Tacky

So it’s taken approximately 3 months but I’ve finally tacked together my first frame!

Here’s the process from start to finish:

Surface preparation

I roughen up the bamboo by using the edge of a Dremel sanding wheel. For the steel I sandpaper first with 80 grit, then follow the same sort of deal as with the bamboo. This will provide more surface area and texture for the epoxy to key into.

I then coat the steel parts in a thin layer of pure epoxy and set them aside to get tack-dry.

Tack glue

Starting with the chainstays, I fill the rear end with epoxy and then squish onto the threaded rod I’ve attached to the drop outs. I then position the bottom bracket and stick the other ends of them to that (forgetting to sand back the epoxy on the BB… oops!?). Next comes the seat-post and the down-tube. The glue’s pliant for about 30minutes so it’s pretty easy to move stuff around if you make a mistake.

I then go to the pub for dinner and a few beers with mates while these parts take hold.

Upon returning and checking that all is well I then attach the head-tube to the down-tube, along with the top-tube to the seat-tube. The angles of the head-tube won’t be exactly 72°, but it’ll be close enough I’d say. I really need a jig that holds the head-tube in place!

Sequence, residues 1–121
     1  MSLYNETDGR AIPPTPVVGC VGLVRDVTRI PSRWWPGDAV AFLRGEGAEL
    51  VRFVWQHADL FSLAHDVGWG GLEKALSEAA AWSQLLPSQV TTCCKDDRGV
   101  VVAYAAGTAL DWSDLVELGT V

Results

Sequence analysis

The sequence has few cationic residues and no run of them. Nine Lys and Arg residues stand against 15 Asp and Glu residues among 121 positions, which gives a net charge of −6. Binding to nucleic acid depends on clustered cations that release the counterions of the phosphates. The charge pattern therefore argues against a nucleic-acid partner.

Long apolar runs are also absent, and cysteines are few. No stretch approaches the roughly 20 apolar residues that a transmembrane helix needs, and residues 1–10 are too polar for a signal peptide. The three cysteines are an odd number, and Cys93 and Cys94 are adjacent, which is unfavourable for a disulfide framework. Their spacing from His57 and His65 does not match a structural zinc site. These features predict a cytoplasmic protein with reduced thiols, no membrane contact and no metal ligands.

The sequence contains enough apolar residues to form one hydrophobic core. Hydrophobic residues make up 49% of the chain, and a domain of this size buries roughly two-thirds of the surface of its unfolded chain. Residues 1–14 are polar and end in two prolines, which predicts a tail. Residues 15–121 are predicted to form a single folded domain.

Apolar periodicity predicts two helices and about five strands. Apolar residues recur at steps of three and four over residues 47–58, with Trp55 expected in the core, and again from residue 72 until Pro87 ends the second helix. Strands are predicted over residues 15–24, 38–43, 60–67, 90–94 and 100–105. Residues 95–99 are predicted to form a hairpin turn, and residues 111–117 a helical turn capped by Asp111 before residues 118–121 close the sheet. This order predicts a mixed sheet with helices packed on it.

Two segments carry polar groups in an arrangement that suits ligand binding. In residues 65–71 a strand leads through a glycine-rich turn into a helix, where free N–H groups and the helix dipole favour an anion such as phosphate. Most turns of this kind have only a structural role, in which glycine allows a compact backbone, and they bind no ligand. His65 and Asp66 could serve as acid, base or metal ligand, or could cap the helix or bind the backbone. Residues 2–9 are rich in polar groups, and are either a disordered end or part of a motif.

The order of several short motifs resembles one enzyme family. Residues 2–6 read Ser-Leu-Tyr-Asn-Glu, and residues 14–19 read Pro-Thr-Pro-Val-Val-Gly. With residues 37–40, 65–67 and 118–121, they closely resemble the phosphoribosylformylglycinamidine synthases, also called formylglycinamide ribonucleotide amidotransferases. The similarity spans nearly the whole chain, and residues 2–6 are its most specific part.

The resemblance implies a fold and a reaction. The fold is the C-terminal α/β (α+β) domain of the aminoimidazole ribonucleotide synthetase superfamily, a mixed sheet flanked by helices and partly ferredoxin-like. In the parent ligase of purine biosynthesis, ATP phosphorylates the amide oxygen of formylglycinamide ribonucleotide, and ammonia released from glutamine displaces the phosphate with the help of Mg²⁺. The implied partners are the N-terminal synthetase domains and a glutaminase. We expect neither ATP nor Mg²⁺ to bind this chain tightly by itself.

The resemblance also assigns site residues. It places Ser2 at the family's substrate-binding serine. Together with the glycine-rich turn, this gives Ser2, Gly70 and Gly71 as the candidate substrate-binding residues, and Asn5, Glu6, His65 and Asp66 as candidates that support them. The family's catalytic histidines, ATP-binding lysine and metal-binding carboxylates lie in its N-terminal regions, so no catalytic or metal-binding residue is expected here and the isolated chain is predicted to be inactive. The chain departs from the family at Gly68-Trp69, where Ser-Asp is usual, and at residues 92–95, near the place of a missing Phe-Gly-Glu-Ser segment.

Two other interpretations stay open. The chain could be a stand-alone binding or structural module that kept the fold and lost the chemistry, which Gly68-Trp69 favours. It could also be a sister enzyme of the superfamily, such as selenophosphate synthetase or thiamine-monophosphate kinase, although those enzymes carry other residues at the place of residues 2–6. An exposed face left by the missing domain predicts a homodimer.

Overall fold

Finally it’s the attaching the seat-stays to the seat-tube. Proving harder than it should be I find out that they’re not exactly even in length. I make a few adjustments and compromises on the seat-post angle and set them anyway. If it’s wonky in the morning I can always cut thru the epoxy and try again. Fingers crossed I won’t have to!

Posted in Frame building | Leave a comment

Let’s set something straight.

Sharks with frickin’ lasers. That’s what I’m talking about. Ok, well minus the sharks. It’s more like jigs with frickin’ lasers. Close enough. Check out the hi-tech laser-level action below.

The mitres are all done, so now it’s a matter of setting my somewhat cumbersome frankenstein of a jig (can someone buy me a gift voucher for Maytec please?) into place for each pole. I’ve made a series of height adjustable stand-offs to hold up each piece as well as come conical shaped rubbers from some chair legs for the head tube placement. It’s all a bit too dependent on the table being level thou, making it quite painstaking to set.